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Friday, December 19, 2014

Writing: Special Giveaway

As Christmas approaches, I feel like doing a giveaway. I've just completed one of these limited to subscribers to my newsletter. But this one's for you.  (If you aren't a subscriber to my newsletter, I'd encourage you to click on the link in the right margin. I won't bombard you with stuff, and sometime in early spring I plan to give subscribers a chance to read a novelette I'll be e-publishing).

Anyway, I've decided it's time to do something for my faithful blog readers, so here's one for you. It's simple to enter (click the widget below--you have two chances, and you can enter every day). The winner will receive an Advance Reader's Copy of my next book, Fatal Trauma. The contest ends Monday though, so hurry. Good luck. I'll notify the randomly selected winner by email.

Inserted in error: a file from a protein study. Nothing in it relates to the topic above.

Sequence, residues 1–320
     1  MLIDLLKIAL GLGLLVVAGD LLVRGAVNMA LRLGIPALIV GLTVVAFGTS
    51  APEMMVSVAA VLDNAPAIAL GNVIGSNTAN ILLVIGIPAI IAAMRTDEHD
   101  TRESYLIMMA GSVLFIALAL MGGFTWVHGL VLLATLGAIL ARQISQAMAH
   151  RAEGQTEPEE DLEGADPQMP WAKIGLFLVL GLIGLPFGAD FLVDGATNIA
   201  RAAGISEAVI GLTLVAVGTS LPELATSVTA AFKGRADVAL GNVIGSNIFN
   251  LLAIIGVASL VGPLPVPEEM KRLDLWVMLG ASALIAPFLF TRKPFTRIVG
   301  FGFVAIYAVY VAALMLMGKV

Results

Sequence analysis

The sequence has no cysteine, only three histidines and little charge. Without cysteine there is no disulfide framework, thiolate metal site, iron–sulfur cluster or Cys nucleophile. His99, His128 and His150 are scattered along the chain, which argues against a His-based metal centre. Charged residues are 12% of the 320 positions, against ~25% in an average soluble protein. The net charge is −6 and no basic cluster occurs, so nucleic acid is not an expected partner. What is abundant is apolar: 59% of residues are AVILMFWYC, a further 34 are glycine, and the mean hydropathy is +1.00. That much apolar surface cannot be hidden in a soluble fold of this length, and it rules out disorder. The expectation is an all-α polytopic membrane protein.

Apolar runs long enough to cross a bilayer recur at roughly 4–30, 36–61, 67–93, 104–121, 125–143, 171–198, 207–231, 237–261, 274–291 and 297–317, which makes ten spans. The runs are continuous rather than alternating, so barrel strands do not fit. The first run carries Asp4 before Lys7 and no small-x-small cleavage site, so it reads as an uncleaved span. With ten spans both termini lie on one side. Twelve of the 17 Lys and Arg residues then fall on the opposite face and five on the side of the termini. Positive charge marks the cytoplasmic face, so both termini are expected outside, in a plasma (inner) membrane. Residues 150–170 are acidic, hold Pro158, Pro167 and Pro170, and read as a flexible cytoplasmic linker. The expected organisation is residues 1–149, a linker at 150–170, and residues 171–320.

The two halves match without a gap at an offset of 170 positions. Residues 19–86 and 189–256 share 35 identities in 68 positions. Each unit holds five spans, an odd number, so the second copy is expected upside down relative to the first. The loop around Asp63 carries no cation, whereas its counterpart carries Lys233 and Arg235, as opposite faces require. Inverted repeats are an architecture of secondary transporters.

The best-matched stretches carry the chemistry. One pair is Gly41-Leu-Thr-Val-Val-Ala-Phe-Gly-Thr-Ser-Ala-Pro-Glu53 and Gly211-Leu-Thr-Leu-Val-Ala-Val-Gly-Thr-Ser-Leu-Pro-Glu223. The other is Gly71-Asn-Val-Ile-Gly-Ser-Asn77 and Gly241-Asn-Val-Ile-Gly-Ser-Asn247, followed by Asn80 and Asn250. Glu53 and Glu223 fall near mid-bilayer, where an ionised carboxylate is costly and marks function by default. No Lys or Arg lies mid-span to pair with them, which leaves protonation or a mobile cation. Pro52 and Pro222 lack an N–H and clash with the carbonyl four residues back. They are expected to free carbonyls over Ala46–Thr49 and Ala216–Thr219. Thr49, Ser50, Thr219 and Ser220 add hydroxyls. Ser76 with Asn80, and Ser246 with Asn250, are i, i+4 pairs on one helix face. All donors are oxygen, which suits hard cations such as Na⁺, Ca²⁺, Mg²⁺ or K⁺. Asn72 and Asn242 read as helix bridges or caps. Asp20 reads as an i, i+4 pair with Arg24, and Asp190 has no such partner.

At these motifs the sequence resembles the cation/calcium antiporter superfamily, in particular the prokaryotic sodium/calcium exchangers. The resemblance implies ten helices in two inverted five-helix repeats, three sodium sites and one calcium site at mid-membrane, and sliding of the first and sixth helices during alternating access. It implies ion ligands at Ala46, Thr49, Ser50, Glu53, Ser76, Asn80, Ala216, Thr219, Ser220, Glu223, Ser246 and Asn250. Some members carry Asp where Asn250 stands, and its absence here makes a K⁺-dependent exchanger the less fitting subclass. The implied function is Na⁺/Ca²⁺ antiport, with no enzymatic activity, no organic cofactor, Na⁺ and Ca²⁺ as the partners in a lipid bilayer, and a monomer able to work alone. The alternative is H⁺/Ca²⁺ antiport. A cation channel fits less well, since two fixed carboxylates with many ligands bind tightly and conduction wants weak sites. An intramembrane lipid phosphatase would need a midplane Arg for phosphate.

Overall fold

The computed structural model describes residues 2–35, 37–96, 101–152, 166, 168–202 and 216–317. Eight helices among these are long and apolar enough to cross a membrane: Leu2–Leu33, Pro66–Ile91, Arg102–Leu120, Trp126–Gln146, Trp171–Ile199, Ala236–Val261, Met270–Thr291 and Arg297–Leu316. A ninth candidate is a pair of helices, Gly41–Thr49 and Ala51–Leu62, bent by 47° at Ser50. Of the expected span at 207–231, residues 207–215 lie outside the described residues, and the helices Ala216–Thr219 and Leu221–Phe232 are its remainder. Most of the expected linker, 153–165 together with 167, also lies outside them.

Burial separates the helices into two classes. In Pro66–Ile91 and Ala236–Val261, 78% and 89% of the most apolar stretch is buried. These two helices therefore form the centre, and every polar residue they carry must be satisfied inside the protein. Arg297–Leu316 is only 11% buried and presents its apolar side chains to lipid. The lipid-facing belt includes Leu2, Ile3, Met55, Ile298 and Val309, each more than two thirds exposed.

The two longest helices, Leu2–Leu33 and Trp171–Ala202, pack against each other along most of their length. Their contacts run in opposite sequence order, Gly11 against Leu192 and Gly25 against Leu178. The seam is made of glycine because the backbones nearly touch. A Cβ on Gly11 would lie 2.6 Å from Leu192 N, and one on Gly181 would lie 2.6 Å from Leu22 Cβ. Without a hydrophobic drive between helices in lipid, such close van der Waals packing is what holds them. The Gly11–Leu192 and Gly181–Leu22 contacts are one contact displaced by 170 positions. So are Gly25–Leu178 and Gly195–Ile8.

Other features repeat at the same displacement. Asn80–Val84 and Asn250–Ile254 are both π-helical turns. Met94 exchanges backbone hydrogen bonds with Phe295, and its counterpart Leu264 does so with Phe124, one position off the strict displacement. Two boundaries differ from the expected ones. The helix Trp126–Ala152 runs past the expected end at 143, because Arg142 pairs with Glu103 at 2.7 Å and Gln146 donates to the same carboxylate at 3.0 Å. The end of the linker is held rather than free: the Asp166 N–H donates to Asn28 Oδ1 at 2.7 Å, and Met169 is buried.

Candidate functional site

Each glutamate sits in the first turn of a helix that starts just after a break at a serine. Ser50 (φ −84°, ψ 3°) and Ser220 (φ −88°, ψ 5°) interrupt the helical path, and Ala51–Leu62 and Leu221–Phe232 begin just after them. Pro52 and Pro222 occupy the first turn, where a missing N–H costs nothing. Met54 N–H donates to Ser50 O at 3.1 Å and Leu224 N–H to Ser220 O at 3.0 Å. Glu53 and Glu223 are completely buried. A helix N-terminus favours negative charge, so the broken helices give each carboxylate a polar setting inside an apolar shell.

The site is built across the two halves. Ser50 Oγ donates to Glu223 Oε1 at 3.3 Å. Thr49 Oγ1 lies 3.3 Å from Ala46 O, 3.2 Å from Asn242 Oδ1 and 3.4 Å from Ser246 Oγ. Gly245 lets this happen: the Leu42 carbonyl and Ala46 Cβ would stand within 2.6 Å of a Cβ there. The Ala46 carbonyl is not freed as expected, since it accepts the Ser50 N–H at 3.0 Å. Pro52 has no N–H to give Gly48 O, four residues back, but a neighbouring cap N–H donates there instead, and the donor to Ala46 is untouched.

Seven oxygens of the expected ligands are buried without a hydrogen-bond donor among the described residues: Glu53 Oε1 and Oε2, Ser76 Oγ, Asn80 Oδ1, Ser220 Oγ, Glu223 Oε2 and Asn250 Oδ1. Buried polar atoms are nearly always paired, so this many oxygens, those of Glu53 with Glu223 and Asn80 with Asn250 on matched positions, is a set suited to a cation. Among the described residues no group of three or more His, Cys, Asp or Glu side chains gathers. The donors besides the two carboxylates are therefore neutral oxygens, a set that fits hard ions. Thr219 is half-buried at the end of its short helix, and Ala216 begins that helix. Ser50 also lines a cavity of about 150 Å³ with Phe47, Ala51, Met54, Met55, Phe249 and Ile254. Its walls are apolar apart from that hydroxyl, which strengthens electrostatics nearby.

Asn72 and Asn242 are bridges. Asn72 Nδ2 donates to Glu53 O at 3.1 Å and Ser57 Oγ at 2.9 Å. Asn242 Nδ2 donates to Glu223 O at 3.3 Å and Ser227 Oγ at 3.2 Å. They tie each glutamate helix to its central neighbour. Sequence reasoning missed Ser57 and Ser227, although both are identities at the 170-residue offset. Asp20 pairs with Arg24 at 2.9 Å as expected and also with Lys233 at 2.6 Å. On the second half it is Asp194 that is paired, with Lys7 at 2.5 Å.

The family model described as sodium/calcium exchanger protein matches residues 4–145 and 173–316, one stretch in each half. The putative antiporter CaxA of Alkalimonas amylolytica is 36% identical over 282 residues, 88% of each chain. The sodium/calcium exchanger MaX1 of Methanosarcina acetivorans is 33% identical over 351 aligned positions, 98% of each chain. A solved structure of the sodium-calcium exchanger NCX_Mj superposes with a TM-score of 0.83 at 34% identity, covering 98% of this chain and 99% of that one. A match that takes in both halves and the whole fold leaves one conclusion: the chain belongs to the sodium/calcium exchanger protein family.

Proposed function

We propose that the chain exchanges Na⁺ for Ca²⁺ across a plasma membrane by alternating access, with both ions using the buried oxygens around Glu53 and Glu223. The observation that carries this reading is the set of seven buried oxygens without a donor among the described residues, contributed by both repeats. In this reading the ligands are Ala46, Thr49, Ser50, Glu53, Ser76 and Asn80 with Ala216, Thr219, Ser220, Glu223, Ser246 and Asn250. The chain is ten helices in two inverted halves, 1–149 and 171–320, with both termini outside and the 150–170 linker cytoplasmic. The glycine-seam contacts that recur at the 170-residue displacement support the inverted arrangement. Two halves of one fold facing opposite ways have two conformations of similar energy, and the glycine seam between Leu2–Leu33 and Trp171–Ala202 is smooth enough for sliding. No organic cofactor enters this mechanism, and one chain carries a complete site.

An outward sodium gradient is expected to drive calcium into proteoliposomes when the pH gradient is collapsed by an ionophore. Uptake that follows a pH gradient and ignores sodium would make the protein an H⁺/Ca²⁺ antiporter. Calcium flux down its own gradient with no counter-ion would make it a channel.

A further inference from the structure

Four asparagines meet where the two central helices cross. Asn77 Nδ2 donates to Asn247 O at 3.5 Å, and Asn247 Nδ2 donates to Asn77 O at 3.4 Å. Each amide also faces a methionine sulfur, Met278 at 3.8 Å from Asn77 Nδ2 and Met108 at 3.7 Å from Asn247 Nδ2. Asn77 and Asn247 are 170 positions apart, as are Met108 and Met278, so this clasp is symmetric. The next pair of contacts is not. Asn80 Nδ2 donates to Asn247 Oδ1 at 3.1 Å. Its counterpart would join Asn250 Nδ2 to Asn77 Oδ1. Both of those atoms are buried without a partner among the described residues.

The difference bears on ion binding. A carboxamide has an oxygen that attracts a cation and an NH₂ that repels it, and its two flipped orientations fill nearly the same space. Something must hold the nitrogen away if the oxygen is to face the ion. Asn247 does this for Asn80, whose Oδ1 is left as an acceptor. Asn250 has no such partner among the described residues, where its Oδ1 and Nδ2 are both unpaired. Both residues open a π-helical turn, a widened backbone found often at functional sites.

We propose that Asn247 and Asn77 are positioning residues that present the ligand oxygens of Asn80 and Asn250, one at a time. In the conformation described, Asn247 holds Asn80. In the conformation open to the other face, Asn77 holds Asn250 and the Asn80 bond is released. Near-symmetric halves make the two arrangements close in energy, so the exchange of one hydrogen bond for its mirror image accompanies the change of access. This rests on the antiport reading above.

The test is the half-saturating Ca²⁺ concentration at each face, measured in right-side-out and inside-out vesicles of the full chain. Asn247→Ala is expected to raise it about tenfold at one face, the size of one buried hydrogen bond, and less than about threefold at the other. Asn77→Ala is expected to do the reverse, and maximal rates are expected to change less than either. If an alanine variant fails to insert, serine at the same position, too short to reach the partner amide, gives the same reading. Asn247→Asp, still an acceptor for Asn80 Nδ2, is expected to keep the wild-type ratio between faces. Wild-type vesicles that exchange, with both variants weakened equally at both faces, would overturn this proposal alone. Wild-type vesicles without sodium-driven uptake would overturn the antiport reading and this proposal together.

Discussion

Come back on Tuesday, December 23, when I'll share my annual Christmas blog post.

TWEET with a single click: "Giveaway of an advance copy of Richard Mabry's next novel." Click here to tweet.

(picture via FreeDigitalPhotos.net)

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Tuesday, December 16, 2014

'Tis The Season...

I've just completed an interview that might interest you. I hope you'll click this link to view it.

It's taken a while, but I think the decorations at our house are finally complete. The tree is up. All the presents have been bought...well, all but one or two. Christmas cards are on the dining room table, and that's probably one of the next projects.